Released in the wake of Crosstown's hefty North American tour, the Rebel Rave compilation demonstrates in part the success of Damian Lazarus' team-building skills. Having started Crosstown in 2003 with Matthew Styles, Lazarus re-founded it in 2008 after it became insolvent, and you can't help but notice that it's right around this time that the label begins a steady and relatively rapid mutation process into its current "rebel rave" incarnation: the sound starts to coalesce, and a recognizable cast of characters, culled from labels like Culprit and Wolf + Lamb, begins to emerge: Seth, Jamie, Gadi, the Clap, Deniz, just to name a few.
Lazarus, who plays the role of ringmaster with an impish energy, does not often come across as a man of understatement. No doubt his past as a music journalist and A&R man have taught him something about controlling the dissemination of personality on a mass-media level, helping him to run a label, commandeer a large-scale tour and oversee the "Rebel TV" video series, not to mention foster his own career as a DJ and helm a record of eccentric ballads for Get Physical. The think-big attitude is in full effect as well on the current compilation, a three-disc affair that attempts to put another face on the Rebel Rave era. The compilation dutifully presents the label's output since 2008, and a handful of new remixes, unreleased tracks and a mix by Clive Henry help to present the "Rebel Rave" as something still alive and in motion rather than the subject of a tribute in memoriam.
The sheer heft of this release makes it difficult to summarize. Taken as a whole, the tracks here showcase the task of formulating a style, one distinct enough to be recognizable yet flexible enough to progress. The sound of Crosstown for the past two years has often taken the form of crisp, entrancing deep house capable of achieving sexiness by unconventional means, fuelled by effervescent percolation, carbonated and buoyant. Brash, experimental abuse of the human voice has also been in abundance—one often meets leery trolls and digitized angels, denizens of Lazarus' electronic circus, floating spectral over the groove.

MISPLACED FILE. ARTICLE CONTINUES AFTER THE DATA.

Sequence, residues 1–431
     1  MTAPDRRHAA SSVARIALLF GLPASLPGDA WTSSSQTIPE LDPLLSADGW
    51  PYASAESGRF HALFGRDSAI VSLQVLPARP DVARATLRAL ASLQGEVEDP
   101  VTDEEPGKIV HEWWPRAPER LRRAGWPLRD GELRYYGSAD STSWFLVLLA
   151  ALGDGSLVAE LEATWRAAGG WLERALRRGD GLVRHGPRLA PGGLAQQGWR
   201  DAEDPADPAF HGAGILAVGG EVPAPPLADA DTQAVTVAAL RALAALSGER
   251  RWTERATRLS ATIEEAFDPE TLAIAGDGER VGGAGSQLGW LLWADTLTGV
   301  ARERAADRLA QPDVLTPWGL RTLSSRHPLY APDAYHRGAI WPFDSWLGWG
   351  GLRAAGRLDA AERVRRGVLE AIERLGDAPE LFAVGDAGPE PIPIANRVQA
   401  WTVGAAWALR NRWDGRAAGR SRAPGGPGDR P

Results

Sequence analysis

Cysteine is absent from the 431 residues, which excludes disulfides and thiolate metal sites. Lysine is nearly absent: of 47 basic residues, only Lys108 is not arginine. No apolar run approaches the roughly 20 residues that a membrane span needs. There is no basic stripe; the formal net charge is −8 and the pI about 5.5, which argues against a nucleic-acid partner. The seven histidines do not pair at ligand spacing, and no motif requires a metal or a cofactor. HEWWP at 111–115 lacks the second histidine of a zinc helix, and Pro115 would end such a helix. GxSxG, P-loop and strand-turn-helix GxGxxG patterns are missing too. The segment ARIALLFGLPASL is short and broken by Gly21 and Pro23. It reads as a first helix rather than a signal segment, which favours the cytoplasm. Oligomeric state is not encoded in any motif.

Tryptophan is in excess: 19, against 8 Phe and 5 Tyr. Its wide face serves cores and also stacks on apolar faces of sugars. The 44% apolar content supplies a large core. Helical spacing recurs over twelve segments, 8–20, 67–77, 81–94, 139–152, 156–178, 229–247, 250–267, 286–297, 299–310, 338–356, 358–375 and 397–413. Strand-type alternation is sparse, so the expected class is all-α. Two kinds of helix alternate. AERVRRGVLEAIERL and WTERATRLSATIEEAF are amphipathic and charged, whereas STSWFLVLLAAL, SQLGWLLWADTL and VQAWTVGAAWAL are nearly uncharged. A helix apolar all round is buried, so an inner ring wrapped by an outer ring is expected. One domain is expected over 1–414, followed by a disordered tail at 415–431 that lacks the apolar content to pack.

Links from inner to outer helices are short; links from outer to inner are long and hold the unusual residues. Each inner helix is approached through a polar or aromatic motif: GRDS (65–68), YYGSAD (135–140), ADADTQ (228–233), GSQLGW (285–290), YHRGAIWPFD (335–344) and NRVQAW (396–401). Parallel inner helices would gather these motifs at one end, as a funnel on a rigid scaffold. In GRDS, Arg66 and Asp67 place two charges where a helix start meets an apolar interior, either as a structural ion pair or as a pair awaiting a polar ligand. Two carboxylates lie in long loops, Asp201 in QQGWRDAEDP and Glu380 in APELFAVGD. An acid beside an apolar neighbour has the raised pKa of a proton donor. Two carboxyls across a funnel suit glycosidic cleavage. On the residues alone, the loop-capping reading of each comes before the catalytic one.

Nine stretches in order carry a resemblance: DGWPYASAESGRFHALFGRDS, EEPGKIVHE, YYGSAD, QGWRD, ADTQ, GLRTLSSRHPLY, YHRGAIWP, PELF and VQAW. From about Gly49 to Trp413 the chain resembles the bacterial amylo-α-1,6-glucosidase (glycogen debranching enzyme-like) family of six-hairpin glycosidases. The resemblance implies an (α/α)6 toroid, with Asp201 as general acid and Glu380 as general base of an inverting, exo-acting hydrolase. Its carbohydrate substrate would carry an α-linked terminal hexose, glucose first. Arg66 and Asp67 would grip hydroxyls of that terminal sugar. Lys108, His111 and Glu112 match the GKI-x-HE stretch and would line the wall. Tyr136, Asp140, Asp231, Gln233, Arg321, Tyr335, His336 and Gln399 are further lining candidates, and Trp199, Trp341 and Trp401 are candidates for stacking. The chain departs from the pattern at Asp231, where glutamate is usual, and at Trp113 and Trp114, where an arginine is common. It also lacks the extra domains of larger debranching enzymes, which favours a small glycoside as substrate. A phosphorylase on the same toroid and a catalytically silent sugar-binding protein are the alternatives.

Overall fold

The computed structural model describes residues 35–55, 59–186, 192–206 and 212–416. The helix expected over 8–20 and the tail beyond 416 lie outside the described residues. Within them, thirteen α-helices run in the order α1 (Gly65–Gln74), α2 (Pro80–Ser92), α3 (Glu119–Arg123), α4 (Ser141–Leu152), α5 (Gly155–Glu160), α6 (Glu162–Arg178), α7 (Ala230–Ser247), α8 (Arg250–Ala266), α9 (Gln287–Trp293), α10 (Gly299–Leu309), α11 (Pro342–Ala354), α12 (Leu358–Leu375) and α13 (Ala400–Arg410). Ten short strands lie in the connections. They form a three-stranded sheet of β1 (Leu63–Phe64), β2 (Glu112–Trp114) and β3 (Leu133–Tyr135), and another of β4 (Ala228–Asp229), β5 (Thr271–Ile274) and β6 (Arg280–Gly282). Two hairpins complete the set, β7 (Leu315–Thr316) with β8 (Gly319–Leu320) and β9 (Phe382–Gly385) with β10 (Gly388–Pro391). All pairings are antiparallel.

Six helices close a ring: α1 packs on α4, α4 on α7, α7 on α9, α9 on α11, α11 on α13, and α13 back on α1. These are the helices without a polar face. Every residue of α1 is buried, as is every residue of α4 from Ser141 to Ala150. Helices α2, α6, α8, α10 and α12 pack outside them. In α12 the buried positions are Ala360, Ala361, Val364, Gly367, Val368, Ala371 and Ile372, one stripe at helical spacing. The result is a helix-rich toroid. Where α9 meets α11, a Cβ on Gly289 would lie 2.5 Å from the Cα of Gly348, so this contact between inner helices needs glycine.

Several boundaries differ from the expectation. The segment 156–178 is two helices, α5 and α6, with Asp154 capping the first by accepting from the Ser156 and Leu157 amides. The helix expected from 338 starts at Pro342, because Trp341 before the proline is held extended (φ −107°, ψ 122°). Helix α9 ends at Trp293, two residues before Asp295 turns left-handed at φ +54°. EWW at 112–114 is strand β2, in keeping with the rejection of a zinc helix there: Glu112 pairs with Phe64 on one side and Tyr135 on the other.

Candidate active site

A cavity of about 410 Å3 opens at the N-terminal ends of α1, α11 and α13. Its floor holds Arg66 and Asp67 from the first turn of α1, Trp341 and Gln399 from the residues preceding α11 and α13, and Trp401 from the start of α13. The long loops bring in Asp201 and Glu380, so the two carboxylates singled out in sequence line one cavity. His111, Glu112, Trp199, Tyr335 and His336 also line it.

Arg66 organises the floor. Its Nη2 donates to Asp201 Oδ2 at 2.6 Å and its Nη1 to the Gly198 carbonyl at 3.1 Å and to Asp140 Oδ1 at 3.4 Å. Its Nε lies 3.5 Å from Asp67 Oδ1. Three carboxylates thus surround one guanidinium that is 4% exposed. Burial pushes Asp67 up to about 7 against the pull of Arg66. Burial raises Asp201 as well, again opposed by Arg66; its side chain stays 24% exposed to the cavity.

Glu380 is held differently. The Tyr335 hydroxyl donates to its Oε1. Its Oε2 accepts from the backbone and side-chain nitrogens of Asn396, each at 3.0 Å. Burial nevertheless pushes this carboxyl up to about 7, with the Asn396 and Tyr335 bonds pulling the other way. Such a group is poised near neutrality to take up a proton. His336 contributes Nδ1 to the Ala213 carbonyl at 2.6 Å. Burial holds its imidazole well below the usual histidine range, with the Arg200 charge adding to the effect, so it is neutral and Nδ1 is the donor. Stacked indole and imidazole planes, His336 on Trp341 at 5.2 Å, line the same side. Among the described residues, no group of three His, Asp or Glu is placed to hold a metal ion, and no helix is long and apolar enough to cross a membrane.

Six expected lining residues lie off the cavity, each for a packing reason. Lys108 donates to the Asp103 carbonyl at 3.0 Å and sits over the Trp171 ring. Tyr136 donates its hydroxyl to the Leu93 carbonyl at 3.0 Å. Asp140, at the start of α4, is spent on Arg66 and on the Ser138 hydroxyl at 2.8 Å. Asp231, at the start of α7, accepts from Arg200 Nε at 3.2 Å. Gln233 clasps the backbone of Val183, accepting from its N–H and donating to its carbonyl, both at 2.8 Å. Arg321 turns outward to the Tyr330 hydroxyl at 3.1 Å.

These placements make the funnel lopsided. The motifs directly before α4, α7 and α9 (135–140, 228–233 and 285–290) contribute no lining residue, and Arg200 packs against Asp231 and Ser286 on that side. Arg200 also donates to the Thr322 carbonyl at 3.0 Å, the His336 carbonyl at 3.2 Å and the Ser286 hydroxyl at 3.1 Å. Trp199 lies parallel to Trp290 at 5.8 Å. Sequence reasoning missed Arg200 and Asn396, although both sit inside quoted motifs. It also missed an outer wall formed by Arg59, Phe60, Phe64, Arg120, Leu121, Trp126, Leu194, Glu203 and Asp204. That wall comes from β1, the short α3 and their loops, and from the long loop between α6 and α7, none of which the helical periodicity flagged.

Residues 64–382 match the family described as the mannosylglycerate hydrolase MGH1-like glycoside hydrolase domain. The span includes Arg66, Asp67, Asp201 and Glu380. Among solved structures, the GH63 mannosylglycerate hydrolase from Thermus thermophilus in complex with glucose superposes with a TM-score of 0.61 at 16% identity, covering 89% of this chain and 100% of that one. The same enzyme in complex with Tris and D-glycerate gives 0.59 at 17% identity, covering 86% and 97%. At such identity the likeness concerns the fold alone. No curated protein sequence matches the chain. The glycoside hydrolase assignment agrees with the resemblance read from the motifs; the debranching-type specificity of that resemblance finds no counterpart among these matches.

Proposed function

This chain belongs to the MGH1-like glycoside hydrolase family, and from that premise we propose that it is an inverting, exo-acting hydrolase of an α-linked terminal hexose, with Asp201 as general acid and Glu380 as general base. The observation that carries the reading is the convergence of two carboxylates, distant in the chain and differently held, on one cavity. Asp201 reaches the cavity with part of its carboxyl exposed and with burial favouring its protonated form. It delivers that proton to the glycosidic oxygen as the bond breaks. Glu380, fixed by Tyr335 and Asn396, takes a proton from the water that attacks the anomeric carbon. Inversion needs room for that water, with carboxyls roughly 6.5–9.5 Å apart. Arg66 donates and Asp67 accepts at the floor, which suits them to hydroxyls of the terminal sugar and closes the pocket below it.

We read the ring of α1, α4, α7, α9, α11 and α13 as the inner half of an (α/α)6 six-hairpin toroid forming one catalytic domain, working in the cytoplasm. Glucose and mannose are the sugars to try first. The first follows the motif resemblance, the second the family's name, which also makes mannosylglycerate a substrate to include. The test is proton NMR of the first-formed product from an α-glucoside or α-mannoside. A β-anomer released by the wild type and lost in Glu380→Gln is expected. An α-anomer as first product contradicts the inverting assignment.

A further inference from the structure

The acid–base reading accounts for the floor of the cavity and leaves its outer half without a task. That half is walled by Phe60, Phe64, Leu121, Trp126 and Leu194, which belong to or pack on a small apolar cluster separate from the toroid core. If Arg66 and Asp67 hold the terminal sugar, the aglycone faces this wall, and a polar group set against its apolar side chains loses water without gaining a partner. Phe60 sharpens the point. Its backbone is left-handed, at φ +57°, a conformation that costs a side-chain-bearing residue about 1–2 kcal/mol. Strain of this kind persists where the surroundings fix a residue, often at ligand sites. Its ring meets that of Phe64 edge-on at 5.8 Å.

A notable exception is the comp's infectious opener, which sees a fairly human-throated Troxler launch a comic, finger-snapping beatdown against vapid party trash. While dissing your clientele right out the box might seem odd from a marketing standpoint, it fits neatly with Crosstown's irreverent attitude. Along those lines you'll note that some of the label's biggest hits are absent in unadorned form—although arguably the comp doesn't need them. In a canny move, Troxler's own "Love Never Sleeps" appears in the form of a previously unreleased remix of by Wolf + Lamb / Double Standard honcho Gadi Mizrahi, which adds rhythmic punch but still allows you to drown in that aching voice and melancholy keys.
The marquee names from the Rebel Rave tour are well-represented: in addition to Troxler you get two cuts from Jamie Jones, and the trademark singles from Soul Clap and Deniz Kurtel. Simon Baker's muscular rework of Glimpse's "If I Was Your Girl" leads off a neat trifecta of piano house. A number of uncharacteristic cuts are on hand as well: in case your only association with the label is the sound of its anthems, you can treat yourself to Brennan Green's proggy remix of Luke Solomon, and the sinister subterranean murk of Shackleton's "Next to Nothing."
Clive Henry's mix brings out the label's silky, well-mannered side. Taking advantage of a number of special edits and remixes, Henry turns out a smooth morning blend that makes you wish the whole compilation was mixed, and will most likely be your go-to for home listening. With two unmixed discs, though, you have the chance to appreciate his work anew after you've gone and heard the rough edges he's sanded down.